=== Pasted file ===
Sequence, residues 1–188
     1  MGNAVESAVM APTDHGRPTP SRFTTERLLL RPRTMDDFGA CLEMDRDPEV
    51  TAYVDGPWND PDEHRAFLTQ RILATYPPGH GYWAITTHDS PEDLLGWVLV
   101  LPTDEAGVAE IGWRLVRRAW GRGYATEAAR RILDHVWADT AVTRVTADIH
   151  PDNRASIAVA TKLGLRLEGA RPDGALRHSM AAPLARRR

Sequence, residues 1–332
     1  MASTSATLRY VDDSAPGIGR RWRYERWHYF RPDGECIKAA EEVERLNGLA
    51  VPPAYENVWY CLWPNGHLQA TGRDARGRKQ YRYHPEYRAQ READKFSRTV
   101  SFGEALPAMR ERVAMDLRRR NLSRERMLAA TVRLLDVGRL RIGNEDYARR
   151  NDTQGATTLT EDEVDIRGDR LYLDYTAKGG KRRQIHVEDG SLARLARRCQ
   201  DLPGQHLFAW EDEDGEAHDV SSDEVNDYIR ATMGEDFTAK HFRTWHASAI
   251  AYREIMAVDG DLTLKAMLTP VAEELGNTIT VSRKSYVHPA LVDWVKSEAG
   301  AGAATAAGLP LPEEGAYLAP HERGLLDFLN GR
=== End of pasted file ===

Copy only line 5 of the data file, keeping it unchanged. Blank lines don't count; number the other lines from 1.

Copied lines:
   151  PDNRASIAVA TKLGLRLEGA RPDGALRHSM AAPLARRR